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California Drought Response – Weak?

By Denise Valenzuela

Posted in

If the California drought is so bad, has the response been so tepid?

There is no single answer to this question and of course, it presumes that 1 the drought is bad; and 2 the response has been weak. In many ways its very hard to quantify the response as California’s water system itself is very complex, with widely diverse sources of water, insane differences of use and or misuse of water, prices and water rights, demands, institutions, and more. But here are some overlapping and relevant answers.

First, is the drought actually very bad?

Even this question is complicated. If you look at the well-known Drought Monitor for California weekly maps, the answer is clearly “yes.” 80% of the state is in “extreme” to “extraordinary” drought and 100% of the state is in “severe” drought or worse. Other indicators also show the severity of the drought. This year will be one of the driest on record, as was 2013. Reservoirs are at record low levels. Deliveries of surface water to some farmers are lower than at any time in recent history. Streams are drying up and fisheries are being devastated.

Yet water still comes out of my tap, in unrestricted amounts and superb quality, at a reasonable price. And this is true of every resident in the state: drinking water supplies have not been affected, especially for the vast majority of the population that lives in cities of the San Francisco Bay area, Central Valley, and southern California.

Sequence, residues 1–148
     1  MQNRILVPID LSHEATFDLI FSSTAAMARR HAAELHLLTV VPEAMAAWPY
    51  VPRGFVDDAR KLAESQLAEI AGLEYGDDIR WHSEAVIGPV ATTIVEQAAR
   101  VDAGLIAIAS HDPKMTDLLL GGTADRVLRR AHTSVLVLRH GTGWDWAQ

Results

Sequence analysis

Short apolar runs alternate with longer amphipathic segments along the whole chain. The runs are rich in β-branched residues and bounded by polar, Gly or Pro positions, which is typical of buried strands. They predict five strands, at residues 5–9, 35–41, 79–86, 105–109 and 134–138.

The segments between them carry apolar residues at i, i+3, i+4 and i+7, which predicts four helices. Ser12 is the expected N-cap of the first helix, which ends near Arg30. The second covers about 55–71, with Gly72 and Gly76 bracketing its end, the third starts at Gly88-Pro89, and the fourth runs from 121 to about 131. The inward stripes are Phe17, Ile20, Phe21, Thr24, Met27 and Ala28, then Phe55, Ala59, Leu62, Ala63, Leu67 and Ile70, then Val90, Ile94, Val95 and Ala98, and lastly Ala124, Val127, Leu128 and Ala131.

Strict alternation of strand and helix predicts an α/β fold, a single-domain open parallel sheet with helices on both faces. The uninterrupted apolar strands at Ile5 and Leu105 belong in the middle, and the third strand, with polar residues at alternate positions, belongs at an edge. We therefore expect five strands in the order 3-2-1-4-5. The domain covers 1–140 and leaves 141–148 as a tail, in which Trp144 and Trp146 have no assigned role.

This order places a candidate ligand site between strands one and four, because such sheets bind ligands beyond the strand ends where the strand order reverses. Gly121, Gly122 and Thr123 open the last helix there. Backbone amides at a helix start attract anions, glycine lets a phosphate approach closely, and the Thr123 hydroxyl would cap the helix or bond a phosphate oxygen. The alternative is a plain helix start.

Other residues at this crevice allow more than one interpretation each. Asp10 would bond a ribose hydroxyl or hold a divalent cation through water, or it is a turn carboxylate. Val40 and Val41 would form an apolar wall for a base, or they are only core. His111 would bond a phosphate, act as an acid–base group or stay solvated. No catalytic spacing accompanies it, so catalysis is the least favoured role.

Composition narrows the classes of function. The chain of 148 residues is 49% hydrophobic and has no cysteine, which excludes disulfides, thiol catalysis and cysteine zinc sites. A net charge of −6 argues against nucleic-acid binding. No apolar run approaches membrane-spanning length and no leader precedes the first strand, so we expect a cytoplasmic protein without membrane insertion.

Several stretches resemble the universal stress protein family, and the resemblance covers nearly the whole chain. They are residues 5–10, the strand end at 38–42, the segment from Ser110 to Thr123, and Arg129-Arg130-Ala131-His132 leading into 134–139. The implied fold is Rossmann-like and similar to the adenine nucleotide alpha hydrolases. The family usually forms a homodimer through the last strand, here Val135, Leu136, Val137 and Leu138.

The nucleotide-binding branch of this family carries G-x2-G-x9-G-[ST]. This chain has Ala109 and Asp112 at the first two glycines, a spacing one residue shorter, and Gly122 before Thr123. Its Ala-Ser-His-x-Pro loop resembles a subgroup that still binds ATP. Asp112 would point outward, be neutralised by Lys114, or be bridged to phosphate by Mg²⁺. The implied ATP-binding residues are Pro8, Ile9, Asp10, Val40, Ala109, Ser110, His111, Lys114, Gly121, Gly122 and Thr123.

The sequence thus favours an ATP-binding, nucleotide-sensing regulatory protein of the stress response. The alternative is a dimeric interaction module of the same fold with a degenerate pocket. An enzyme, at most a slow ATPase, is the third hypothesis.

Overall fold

While there will be some adverse impacts of some farmworkers and farmers, the overall agricultural sector will not have a bad year. Some initial estimates from the University of California, Davis, the agricultural community as a whole will not see very large losses – a drop of perhaps 4% or so of normal farm revenue. It might be more; it might be much less. We won’t know until the end of the growing and harvest seasons.

In effect, despite our continuing water wars, the State of California’s economy has become largely insulated from the effects of short-term drought – even droughts of a few years.

Has the response to the drought been weak, and if so, why?

In January, Governor Brown declared a drought emergency. But it was not followed by any systematic statewide communications effort, any requirement for mandatory cutbacks, or any comprehensive information on how homeowners or businesses could save water.

The Governor, at the same time, announced the availability of emergency funds of up to nearly $700 million for drought response. Yet now, half a year later and in the hottest, driest part of the year, a tiny fraction of that money has been spent, and very little on the most effective strategies for saving water: rapid and immediate conservation and efficiency programs to help farmers swap out inefficient irrigation technologies for modern efficient ones, or to get homeowners to permanently remove lawns or inefficient toilets, showerheads, and washing machines – to name just a few proven, cost-effective strategies.

Some water utilities don’t like to impose drought restrictions because they have still failed to meter 100% of their customers, so there is no way to measure or monitor demands for savings. Or they fear that conservation efforts simply cut revenues, which force them to raise rates to cover their operating expenses – an action that sours customers on further conservation efforts.

So we are in a drought, and yes the drought is bad.  Our response to the drought has not been stellar either but the complex nature of the problem makes it hard to know how truly off base we have been in our response.